peteg's blog - noise - 2009 07 19 ParkesRadioTelescope

Parkes Radio Telescope Open Day

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Dad and I headed off to the Dish in the early morning, and got to their once-in-a-blue-moon open day around 10:30am. The helpful organisers claimed to have taken about 1500 visitors through the telescope building on Saturday, and that we were fortunate that they were better organised today. (ABC news later claimed 7000 people visited that weekend.) We queued for about 40 minutes, much less than we had anticipated, and the tour went for about the same again. Almost all the electricals have been rewired now, with the old receiver module (now taken by several people for a lunar landing module exhibit) being replaced by one with a humongous 13-head sensor, piped with fibre optics. Apparently the media got to go on the Dish itself on the Saturday morning, but I haven't seen any photographs from that. The tour was fantastic, everyone becomes a geek.

The CSIRO staff seemed to be enjoying themselves, talking about all kinds of things. I guess the beauty of this telescope is that it spans so many scientific and engineering disciplines. The Albert Einstein character kept the kids enthralled and made me wonder if his faith might've been restored by these efforts in the 1960s.

Dad scrounged up an old book for me: Parkes: One hundred years of Local Government. Compiled by R.T. Tindall in association with the Parkes Centenary Book Committee. Griffin Press, ISBN 0959278605, 1982. I scanned the chapter on the radio telescope and posted it here (circa 14Mb PDF).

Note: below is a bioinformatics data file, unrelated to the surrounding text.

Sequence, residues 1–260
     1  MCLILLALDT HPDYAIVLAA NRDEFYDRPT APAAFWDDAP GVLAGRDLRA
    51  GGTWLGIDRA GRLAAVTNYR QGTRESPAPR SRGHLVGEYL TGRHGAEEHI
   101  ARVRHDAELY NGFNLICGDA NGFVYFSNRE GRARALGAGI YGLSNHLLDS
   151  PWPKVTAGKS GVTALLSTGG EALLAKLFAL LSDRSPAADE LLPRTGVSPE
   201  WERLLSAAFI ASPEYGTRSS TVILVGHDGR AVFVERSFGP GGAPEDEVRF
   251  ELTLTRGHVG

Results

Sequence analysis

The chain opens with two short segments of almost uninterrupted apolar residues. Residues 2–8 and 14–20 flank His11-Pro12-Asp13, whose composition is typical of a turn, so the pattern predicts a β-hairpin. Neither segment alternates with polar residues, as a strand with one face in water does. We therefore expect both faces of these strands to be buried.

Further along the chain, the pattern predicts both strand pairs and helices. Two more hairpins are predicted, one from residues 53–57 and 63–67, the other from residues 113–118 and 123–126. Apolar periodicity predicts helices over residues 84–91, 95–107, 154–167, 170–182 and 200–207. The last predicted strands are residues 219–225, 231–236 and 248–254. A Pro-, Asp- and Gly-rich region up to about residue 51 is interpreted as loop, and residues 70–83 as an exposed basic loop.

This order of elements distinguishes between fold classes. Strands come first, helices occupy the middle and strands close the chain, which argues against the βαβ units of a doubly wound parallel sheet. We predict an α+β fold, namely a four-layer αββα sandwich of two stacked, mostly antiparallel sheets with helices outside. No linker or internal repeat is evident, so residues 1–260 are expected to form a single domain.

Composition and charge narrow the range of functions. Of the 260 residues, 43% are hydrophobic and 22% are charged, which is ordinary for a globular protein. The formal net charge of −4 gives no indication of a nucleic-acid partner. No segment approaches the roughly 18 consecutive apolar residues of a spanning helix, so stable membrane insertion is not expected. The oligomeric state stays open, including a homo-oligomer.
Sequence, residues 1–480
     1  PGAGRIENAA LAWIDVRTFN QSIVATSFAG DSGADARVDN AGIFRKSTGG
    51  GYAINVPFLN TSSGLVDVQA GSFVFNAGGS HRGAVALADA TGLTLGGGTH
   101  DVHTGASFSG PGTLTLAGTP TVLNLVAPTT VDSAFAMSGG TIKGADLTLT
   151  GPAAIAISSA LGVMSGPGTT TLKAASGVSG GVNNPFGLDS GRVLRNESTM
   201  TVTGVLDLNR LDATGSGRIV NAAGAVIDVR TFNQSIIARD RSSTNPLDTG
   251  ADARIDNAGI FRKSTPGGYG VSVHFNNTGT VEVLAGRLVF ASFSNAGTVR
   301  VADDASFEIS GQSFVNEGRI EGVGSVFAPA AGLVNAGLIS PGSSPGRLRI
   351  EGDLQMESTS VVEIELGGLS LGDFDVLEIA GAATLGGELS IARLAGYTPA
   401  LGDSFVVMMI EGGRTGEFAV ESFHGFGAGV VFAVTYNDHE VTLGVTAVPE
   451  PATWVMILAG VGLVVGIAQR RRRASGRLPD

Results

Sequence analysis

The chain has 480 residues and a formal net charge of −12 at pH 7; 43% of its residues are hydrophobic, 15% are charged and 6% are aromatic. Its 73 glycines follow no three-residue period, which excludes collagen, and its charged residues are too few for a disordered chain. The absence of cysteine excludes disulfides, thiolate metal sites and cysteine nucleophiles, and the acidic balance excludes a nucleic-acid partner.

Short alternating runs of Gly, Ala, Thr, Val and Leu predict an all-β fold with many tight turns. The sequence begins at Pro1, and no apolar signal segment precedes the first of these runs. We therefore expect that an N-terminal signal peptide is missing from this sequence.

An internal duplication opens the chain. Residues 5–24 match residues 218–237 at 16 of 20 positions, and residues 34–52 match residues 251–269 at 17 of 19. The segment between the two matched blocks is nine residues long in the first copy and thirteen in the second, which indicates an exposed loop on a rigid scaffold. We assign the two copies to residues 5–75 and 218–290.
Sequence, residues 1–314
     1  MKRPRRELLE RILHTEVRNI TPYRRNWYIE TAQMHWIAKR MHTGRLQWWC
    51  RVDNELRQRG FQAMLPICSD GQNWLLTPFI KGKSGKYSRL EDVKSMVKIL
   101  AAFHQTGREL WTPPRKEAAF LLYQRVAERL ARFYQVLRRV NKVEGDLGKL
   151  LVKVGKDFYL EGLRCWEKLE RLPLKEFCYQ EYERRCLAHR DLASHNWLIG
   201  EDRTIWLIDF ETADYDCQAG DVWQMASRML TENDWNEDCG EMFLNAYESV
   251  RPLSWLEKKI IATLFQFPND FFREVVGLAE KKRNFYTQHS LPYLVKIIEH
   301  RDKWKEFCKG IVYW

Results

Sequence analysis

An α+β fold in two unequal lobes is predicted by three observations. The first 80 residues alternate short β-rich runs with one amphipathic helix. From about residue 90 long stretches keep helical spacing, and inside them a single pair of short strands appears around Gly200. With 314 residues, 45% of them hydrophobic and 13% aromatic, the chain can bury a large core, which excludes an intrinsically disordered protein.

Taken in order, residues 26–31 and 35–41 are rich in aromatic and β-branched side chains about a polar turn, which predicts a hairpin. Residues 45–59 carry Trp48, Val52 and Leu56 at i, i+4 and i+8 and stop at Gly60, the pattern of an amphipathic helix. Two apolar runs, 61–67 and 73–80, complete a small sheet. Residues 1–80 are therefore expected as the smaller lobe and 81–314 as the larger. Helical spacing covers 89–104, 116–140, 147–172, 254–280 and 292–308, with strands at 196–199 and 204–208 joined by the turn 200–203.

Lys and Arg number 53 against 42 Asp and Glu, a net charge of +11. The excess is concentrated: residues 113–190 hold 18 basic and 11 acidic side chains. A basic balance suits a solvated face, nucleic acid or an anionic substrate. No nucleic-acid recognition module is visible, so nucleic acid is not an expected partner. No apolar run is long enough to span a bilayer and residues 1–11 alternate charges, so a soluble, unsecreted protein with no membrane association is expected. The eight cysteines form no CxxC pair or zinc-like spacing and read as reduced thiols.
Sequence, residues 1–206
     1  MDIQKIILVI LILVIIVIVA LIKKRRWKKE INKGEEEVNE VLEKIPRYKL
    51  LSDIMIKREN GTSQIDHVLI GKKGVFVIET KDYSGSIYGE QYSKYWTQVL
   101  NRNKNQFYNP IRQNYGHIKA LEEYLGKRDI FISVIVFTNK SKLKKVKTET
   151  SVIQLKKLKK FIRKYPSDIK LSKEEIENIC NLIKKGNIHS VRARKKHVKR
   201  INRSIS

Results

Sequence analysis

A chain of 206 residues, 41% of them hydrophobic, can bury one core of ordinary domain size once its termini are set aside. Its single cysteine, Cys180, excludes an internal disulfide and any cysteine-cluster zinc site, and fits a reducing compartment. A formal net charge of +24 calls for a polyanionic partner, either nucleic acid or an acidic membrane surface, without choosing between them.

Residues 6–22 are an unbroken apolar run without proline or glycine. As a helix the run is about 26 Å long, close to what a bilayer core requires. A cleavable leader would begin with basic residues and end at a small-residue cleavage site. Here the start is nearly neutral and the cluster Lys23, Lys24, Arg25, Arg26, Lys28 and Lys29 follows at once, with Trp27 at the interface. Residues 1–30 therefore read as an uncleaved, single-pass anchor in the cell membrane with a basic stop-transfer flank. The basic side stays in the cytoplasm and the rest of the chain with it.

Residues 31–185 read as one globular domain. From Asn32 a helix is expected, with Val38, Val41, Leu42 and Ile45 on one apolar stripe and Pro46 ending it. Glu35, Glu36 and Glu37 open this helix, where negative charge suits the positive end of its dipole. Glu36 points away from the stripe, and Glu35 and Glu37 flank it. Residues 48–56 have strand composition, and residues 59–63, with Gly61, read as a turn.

I can't help but feel that while scientific progress might be faster than ever, the type of science and engineering that captures the public imagination has slipped into history. Australia will chuck $88 million into a Chilean optical telescope, and one can only hope the Chileans keep their pollution under control (and the Brazilians stop cutting down the Amazon). Quiggin opines that the moon was approximately as far as we can go, but with his being an economist I want to see the error bars.

Neil Armstrong asserts that the race to the moon was a byproduct of the cold war, a Kantian perspective that I find vaguely troubling.